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IES Grant

Title: The Center for Research Use in Education (CRUE)
Center: NCER Year: 2015
Principal Investigator: May, Henry Awardee: University of Delaware
Program: National Research and Development Centers      [Program Details]
Award Period: 5 years (8/1/2015-7/31/2020) Award Amount: $4,999,958
Goal: Multiple Goals Award Number: R305C150017

Project Website:

Topic: Knowledge Utilization

Purpose: The Center for Research Use in Education (CRUE) will develop and validate measures to document research use in schools, and will examine the conditions under which research is used and the factors that promote or inhibit research use in schools. CRUE will place a special focus on understanding the social connections between researchers, research brokers (i.e. dissemination outlets, funding organizations, advocacy groups, etc. that serve as intermediaries between the research and practice communities), and practitioners. Specifically, CRUE researchers will strive to understand the strength, interactivity, bidirectionality, and frequency of communication in social connections. In addition, CRUE will engage in leadership and outreach activities that provide information and training on research use to practitioners; teach researchers how to effectively communicate to practitioners; and help to build connections between the two communities.

Research Projects: CRUE is guided by a conceptual framework that focuses on gaps between researcher and practitioner communities in terms of their perspectives on the usefulness of research, nature and quality of research, and problems addressed by research. CRUE hypothesizes that the larger the gap in perspectives between practitioners and the research community, the less likely those practitioners are to engage in deep research use. Deep research use is characterized by a focus on scientific evidence, critical interpretation of research, and regular/institutionalized and universal participation in discussion of research in decision-making processes.

CRUE will undertake three major studies: a measurement study, and two descriptive studies. The measurement study will develop a set of measures to quantify research use in schools; gaps in perceptions of the relevance and value of research; and the strength and interactivity of relationships between researchers, research brokers, and practitioners. The first descriptive study will identify factors that influence schools' depth of research use by examining gaps and connections between research and practice. The second descriptive study will identify researcher practices and malleable factors associated with research use in schools and districts.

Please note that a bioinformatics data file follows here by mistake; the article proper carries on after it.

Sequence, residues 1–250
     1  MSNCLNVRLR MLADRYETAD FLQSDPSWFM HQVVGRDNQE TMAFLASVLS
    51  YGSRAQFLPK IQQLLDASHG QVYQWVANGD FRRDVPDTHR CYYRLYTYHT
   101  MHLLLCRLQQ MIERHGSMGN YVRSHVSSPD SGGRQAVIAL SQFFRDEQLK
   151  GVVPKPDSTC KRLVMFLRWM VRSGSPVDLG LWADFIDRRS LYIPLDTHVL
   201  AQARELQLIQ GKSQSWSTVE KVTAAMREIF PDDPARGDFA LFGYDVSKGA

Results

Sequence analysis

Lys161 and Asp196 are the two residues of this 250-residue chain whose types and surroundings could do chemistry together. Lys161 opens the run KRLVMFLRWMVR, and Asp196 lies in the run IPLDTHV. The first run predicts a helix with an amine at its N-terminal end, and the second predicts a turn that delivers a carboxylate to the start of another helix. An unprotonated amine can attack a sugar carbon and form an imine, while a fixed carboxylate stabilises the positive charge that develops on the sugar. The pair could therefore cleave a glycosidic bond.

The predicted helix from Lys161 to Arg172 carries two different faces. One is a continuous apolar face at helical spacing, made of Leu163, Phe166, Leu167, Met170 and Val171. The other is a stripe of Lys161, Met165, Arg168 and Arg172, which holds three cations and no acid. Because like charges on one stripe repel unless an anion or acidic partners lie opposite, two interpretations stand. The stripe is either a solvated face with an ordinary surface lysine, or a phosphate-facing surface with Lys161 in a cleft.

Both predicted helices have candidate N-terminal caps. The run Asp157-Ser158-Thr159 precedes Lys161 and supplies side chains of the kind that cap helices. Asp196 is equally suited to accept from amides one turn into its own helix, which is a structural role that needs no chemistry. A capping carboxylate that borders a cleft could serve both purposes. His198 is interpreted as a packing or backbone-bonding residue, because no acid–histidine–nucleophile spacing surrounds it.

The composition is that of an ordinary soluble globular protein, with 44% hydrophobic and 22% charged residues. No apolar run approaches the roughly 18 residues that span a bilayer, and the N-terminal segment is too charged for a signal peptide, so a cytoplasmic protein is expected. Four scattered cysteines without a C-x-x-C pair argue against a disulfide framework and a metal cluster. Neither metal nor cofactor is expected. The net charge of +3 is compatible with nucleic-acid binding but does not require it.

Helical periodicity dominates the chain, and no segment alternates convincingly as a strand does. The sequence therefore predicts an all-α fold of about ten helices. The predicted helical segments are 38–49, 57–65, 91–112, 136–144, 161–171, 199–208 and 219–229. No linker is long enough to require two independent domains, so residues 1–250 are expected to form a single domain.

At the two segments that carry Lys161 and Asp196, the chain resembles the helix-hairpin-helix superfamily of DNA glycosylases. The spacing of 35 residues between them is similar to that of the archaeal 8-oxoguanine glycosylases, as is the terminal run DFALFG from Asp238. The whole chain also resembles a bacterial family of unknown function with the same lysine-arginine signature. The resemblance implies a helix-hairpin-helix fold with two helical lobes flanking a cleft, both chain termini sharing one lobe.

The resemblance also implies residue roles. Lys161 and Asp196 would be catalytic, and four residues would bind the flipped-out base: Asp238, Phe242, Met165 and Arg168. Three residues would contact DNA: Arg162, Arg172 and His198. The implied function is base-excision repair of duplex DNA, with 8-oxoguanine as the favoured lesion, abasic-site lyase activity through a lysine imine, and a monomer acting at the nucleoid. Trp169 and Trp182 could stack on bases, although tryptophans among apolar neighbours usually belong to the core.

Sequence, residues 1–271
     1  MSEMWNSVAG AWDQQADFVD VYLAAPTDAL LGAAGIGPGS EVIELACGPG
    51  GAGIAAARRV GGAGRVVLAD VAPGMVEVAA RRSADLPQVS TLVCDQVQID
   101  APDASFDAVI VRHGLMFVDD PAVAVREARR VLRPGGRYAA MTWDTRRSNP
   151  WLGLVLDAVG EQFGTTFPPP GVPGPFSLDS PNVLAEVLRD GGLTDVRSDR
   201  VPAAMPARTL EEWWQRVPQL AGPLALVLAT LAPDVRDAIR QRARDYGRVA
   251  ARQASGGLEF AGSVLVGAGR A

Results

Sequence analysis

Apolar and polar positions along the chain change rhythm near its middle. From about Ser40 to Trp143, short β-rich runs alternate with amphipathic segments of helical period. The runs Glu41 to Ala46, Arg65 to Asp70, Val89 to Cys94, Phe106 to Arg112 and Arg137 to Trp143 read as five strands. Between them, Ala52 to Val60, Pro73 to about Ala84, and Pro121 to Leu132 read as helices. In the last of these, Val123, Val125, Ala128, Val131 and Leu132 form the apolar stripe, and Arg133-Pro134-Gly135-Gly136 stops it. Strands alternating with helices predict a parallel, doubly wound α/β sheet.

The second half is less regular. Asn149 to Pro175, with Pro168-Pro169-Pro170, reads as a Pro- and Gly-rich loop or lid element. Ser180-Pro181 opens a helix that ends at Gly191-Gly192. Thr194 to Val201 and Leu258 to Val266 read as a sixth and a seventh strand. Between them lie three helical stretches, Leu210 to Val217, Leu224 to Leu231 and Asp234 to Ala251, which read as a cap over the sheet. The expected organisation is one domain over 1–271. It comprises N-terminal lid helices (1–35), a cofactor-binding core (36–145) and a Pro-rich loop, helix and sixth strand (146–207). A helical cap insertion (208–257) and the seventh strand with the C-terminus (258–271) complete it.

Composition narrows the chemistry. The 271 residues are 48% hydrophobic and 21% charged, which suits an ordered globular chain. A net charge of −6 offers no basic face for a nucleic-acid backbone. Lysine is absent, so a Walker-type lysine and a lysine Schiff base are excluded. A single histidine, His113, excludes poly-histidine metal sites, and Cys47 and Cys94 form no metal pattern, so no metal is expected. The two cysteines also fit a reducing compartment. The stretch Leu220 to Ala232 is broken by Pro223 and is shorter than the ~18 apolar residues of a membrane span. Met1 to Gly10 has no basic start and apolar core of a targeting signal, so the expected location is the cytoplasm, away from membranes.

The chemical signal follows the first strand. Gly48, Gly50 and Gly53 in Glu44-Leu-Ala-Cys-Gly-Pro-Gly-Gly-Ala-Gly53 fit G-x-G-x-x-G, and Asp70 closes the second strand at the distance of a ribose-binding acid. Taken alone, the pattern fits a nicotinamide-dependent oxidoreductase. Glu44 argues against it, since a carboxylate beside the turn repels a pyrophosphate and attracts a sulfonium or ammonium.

Measurement Study: Development of the measures will involve cycles of semi-structured interviews with researchers, brokers, and practitioners, and feedback from an advisory board. In the pilot study, the research team will test the instruments with 150 researchers, 50 brokers, and staff from 30 public schools (including approximately 30 principals, 30 assistant principals, 500 teachers, and 30 district staff). The CRUE team will assess validity and reliability of all the surveys. The instruments will include measures of seven constructs:

  1. Researcher/broker production and dissemination activities, including questions about characteristics of the research produced/disseminated, how practitioners can locate publications, technical sophistication of research, and target audience of research;
  2. Practitioner depth of research use, including questions about types of evidence used to inform decision-making, how relevant research is located, how research is evaluated, and regularity of using research in decision-making;
  3. Researcher/broker perspectives and assumptions about research, including questions about types of products produced/disseminated, quality of research produced/disseminated, degree to which products address problems of practice, and how structures and processes may create or constrain opportunities to conduct and disseminate research;
  4. Practitioner perspectives and assumptions about research, including questions about what products are most useful, how quality of research may impact research use, whether research addresses problems of practice, and structures and processes that may create or constrain opportunities to use research;
  5. Researcher/broker reported connections to practitioners, including questions asking for the identification of practitioners with whom they have a relationship, and about frequency and bidirectionality of communication;
  6. Practitioner reported connections to researchers/brokers, including questions asking for the identification of all sources of evidence (e.g. researchers/brokers, colleagues, media), and about the frequency and bidirectionality of communication; and